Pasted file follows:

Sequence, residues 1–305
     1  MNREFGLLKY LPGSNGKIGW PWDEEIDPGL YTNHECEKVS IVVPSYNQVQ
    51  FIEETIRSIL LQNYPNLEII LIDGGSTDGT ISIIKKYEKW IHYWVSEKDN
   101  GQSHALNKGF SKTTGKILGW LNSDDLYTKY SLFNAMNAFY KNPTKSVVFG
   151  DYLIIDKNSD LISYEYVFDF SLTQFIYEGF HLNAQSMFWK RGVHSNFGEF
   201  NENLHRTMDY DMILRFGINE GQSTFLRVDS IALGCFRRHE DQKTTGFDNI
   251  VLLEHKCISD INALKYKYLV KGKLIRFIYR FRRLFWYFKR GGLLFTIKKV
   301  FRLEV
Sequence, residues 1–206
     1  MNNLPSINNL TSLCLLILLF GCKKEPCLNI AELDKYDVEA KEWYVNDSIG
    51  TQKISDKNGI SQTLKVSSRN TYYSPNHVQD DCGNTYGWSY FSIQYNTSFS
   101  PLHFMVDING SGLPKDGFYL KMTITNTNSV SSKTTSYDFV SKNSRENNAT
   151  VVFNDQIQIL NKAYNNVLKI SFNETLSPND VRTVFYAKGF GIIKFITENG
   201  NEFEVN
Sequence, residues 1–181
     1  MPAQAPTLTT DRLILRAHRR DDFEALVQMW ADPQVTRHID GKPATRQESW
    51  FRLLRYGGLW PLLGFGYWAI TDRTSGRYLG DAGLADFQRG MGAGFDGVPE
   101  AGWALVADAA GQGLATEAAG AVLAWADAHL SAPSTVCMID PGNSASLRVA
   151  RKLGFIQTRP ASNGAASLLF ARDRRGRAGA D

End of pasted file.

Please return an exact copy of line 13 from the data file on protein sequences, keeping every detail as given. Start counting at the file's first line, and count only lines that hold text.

   151  VVFNDQIQIL NKAYNNVLKI SFNETLSPND VRTVFYAKGF GIIKFITENG